2010: The year of the real estate auction?
A 13,500-square-foot spec built mansion in Tarzana that went for $4 million in December may be opening up more sellers' eyes to the possibilities.
Since that sale, Beverly Hills-based Kennedy Wilson has started signing up private property owners who want to use auction as a sales tool rather than the traditional list and wait method. The auction house is planning a "great estate" auction featuring multiple sellers and properties throughout Southern California and perhaps a few select markets such as Las Vegas.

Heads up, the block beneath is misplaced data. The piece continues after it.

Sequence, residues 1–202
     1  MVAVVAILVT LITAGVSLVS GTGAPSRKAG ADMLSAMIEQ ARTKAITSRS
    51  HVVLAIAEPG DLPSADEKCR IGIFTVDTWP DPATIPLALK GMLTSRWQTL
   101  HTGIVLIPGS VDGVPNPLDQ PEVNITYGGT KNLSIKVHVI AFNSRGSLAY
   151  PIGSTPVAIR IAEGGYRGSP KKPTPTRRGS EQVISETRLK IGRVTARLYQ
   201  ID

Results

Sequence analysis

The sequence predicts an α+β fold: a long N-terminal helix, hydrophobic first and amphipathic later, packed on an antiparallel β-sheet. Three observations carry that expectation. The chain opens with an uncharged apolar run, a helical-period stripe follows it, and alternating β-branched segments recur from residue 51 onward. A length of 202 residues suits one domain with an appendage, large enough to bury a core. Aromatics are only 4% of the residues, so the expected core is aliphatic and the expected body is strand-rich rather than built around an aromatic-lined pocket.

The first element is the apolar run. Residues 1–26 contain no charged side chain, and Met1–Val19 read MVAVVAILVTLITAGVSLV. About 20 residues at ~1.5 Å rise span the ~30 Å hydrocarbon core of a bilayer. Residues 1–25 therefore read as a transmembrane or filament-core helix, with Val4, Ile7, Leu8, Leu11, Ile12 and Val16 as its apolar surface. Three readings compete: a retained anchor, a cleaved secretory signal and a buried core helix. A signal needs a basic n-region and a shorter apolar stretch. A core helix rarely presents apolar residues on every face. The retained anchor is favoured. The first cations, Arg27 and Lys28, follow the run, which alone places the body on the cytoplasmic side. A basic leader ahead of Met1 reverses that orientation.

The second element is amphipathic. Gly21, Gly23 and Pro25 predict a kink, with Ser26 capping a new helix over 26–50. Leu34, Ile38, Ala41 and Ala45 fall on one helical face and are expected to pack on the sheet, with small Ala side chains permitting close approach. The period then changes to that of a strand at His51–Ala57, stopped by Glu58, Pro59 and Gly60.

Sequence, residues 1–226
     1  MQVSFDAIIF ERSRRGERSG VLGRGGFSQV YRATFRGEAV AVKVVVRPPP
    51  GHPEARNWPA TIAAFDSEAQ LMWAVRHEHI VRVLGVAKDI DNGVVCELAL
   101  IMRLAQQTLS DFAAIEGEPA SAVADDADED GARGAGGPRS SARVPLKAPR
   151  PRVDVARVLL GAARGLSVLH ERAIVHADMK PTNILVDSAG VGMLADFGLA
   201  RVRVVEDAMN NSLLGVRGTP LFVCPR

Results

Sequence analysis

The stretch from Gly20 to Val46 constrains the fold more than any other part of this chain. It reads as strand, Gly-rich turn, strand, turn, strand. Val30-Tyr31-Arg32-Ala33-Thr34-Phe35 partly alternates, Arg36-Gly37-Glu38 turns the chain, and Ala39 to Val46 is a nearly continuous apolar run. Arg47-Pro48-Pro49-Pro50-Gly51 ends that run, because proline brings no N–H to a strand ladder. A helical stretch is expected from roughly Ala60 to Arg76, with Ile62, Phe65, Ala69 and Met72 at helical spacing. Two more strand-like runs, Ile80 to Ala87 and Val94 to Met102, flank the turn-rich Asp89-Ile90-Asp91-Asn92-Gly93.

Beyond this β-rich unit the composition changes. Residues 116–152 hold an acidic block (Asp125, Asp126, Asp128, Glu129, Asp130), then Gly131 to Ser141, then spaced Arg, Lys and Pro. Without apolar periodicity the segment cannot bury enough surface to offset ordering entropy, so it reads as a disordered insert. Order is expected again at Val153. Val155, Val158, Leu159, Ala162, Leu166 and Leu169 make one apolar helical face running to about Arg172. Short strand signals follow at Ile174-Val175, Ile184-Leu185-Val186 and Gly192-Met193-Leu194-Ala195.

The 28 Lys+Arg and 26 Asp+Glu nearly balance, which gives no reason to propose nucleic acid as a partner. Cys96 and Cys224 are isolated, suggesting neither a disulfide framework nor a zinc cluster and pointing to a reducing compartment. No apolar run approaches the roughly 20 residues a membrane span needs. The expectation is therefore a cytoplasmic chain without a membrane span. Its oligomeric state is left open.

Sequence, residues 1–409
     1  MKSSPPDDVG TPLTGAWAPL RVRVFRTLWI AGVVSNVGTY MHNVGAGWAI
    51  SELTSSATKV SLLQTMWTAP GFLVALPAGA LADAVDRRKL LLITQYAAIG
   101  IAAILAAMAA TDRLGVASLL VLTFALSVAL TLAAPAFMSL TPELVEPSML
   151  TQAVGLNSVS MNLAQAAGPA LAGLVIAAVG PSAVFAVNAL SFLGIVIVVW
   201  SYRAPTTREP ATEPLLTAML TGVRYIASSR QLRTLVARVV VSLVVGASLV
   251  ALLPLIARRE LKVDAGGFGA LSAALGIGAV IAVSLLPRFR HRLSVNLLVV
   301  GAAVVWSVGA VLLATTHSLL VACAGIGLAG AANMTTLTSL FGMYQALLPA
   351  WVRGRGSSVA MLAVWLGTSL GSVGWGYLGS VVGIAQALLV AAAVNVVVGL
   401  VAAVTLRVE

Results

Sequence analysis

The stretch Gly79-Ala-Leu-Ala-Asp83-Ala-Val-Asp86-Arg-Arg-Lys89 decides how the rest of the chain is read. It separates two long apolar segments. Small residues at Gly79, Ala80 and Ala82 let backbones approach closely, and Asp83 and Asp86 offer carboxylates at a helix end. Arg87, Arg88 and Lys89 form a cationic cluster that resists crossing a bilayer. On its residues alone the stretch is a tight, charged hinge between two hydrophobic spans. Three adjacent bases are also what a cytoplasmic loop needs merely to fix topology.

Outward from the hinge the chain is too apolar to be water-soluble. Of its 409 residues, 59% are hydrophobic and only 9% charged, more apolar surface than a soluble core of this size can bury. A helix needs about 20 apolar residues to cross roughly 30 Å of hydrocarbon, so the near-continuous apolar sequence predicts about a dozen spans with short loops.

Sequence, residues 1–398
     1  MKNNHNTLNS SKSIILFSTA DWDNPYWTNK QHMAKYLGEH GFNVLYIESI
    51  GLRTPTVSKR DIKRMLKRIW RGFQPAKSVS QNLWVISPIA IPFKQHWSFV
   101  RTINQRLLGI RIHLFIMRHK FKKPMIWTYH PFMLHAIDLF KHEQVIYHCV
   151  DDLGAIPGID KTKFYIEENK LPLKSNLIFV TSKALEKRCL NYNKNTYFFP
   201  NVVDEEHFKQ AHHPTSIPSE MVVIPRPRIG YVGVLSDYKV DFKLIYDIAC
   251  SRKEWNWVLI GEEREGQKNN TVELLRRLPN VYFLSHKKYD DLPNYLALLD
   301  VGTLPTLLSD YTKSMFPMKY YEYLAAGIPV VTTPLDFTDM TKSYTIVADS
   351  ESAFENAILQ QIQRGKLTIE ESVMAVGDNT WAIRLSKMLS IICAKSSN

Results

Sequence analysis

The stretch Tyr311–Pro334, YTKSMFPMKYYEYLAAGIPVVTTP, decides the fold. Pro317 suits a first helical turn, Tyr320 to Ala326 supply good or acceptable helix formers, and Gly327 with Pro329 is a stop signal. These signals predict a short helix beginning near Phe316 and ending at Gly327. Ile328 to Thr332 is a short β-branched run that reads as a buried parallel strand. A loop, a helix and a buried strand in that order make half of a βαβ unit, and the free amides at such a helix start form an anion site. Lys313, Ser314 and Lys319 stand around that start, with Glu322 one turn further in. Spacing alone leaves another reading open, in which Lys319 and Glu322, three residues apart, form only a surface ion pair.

Another high-profile auction in the works is Cher's Hawaii compound, which she hopes will fetch between $8 million and $12 million.
Why I'm expecting to see more auctions in the mainstream: It gives the seller a defined time frame; if the house doesn't meet the "reserved price" the seller had in mind, then it can be always listed later; and the idea is still novel enough that the marketing is an attention-grabber for the house.
Photo: The Tarzana auction attracted 29 registered bidders, each required to bring a $25,000 cashier's check. Credit: Ringo H.W. Chiu